Memorial University (MUN) is set to launch two new initiatives, the Centre for Analytics, Informatics and Research (CAIR) and the Accelerated Analytics and Machine Learning (AAML) project, with the support of the federal government, Newfoundland and Labrador Government, and IBM Canada
Funding for the initiatives includes more than $18 million in grants and in-kind contributions, with the majority ($16 million) in the form of in-kind services from IBM. IBM’s contribution includes hardware, software, and staffing during a period of four years.
Through the Atlantic Canada Opportunities Agency (ACOA), the Government of Canada is providing $1.4 million to St. John’s-based MUN. The provincial government is contributing $1.35 million.
Led by MUN, CAIR and the AAML project will focus on innovation and research in diverse fields such as data science and astrophysics, genetic analysis, artificial intelligence (AI), machine learning, image analysis, and scientific computing.
CAIR is expected to be equipped with high-performance computers that are designed to process large amounts of complex data, leading to faster insights for projects such as AAML. These computers will be used by MUN’s computer science faculty and students to conduct research in key areas that are driven by large data sets such as image processing, AI, and deep learning.
The AAML project will support the training of highly qualified professionals on CAIR’s hardware.
Brendan Barret, professor at MUN’s Faculty of Medicine has been appointed as CAIR’s principal investigator, as computer science assistant professor Terrence Tricco was named principal investigator for the AAML project.
IBM said it will also work with MUN to help drive economic development in the province by supporting skills growth. The corporation said it plans to achieve this through its SkillsBuild program, a free digital training program that aims to help learners develop valuable new skills and find jobs, regardless of their background or education.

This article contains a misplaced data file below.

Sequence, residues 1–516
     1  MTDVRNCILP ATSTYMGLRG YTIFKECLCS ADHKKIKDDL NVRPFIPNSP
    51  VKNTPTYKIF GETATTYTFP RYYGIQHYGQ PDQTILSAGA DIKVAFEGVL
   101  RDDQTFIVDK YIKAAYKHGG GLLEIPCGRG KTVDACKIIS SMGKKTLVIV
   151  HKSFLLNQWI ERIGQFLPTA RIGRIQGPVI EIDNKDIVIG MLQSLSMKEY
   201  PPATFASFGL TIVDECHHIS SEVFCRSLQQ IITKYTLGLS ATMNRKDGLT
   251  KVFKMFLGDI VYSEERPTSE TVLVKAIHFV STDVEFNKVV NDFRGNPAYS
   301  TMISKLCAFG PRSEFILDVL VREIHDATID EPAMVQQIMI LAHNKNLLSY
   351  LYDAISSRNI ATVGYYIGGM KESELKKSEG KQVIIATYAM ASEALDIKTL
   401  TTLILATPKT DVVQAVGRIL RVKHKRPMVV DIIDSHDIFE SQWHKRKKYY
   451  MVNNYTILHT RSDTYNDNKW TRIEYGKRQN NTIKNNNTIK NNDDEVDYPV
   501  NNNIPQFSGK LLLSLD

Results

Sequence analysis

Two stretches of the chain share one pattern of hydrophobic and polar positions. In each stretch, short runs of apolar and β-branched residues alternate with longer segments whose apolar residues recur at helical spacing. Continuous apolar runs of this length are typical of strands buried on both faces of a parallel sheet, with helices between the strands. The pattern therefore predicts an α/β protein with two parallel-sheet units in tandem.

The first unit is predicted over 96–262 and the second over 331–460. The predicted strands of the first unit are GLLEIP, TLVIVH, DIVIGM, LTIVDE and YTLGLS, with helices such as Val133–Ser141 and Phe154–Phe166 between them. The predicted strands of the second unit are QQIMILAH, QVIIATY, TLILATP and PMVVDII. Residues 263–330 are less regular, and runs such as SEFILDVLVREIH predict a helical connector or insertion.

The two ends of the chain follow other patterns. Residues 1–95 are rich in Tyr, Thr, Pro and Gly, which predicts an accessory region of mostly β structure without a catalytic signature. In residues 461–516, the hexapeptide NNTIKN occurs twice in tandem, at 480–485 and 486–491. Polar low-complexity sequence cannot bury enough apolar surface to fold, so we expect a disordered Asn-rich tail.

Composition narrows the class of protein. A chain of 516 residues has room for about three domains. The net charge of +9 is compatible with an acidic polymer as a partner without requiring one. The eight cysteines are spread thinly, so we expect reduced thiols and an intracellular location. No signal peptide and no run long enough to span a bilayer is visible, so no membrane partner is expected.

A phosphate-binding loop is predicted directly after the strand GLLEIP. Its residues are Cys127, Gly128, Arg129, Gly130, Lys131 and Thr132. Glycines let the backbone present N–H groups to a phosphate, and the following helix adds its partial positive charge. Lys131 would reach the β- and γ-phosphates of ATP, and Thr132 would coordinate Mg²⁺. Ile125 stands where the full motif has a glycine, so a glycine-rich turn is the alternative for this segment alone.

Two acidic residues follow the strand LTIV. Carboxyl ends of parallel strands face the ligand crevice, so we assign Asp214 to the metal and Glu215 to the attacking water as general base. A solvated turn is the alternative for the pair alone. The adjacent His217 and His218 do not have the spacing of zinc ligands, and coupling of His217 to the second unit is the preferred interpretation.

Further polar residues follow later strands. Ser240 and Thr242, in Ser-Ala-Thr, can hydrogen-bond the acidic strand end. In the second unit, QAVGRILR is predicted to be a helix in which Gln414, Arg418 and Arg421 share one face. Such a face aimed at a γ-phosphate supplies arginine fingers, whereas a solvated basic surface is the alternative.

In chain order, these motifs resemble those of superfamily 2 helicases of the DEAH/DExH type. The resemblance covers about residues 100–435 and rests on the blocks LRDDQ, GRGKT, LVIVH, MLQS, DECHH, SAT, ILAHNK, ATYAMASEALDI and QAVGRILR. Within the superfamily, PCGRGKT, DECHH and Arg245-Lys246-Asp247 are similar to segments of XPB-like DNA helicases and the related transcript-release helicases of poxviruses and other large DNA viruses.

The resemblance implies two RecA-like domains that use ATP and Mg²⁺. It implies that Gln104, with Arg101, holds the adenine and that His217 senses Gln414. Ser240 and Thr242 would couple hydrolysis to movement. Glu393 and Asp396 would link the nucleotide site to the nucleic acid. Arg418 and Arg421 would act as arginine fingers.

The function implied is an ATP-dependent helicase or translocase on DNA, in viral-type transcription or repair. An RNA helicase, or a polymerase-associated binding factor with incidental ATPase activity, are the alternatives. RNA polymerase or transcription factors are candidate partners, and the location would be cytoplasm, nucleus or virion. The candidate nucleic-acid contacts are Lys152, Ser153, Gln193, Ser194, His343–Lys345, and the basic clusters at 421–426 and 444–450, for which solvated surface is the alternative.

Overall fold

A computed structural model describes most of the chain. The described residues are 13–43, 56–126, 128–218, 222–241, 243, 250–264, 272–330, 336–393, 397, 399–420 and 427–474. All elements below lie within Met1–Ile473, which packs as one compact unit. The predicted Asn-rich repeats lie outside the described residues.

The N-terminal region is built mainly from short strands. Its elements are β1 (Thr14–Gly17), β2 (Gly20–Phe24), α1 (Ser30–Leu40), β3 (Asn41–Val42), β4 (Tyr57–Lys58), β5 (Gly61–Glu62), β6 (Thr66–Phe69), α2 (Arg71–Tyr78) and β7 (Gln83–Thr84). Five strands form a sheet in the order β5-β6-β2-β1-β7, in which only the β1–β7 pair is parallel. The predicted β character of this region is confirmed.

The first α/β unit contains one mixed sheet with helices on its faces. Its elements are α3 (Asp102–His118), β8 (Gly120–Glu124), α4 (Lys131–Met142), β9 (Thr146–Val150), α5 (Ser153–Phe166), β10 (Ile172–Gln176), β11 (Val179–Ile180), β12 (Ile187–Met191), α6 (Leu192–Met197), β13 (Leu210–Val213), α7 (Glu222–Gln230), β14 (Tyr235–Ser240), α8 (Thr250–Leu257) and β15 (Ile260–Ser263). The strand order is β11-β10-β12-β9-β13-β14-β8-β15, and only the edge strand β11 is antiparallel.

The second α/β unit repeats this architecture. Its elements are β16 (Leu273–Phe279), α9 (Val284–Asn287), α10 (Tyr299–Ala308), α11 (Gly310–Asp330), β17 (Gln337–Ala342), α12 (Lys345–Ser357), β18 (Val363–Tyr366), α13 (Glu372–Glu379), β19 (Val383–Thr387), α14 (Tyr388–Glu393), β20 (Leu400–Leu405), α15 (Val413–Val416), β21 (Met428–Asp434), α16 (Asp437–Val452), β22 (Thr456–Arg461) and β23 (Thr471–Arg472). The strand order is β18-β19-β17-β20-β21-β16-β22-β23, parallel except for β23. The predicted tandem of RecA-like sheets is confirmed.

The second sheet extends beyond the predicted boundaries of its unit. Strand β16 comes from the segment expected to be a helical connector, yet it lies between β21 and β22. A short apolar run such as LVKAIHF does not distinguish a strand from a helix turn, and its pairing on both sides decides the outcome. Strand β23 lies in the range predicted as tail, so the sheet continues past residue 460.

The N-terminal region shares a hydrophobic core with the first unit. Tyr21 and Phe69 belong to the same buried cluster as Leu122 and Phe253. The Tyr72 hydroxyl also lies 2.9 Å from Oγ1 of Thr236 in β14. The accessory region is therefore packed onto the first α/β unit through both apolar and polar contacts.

In addition, IBM said it will also provide free development and cloud credits to early-stage entrepreneurs and startup companies via the Startup with IBM program.
On a global scale, IBM said it plans to provide 30 million people with new skills needed for jobs by 2030 through more than 170 academic and industry partnerships.
This most recent investment builds on a long-standing partnership between MUN, IBM, as well as the federal and provincial governments. In 2014, MUN received $50 million from IBM, the Government of Canada, and the province, to finance MUN’s Translational and Personal Medicine initiative at its medical school.
MUN and IBM also previously worked together in 2006, announcing a five-year strategic partnership to update the university’s technology systems and to install a campus-wide voice-over-IP system.
“Ongoing collaborations with our government and industry partners allow Memorial to meet the challenges and opportunities of our province and beyond,” said Vianne Timmons, president and vice-chancellor of MUN. “These significant investments will further enhance Memorial’s capacity in strategic areas, provide world-class scientific training opportunities for faculty and graduate students and allow Memorial to continue supporting the tremendous growth of the local technology industry.”
According to Frank Attaie, general manager of technology at IBM Canada, the company aims to deliver more computing services to teaching and research communities, to accelerate innovations, and to increase its contributions in Newfoundland and Labrador.
“This investment is a testament to our continued commitment to support and collaborate with Memorial University and both levels of government to help further advance Canada’s ability to innovate, address a critical skills gap, and drive research and innovation,” he said.
IBM has been active in investing in all parts of Canada, including the country’s East Coast. In December, the company entered a deal with Nova Scotia Business Inc. to bring 350 new, highly-skilled jobs focused on AI and hybrid cloud to the province.
Originally published on BetaKit : Original article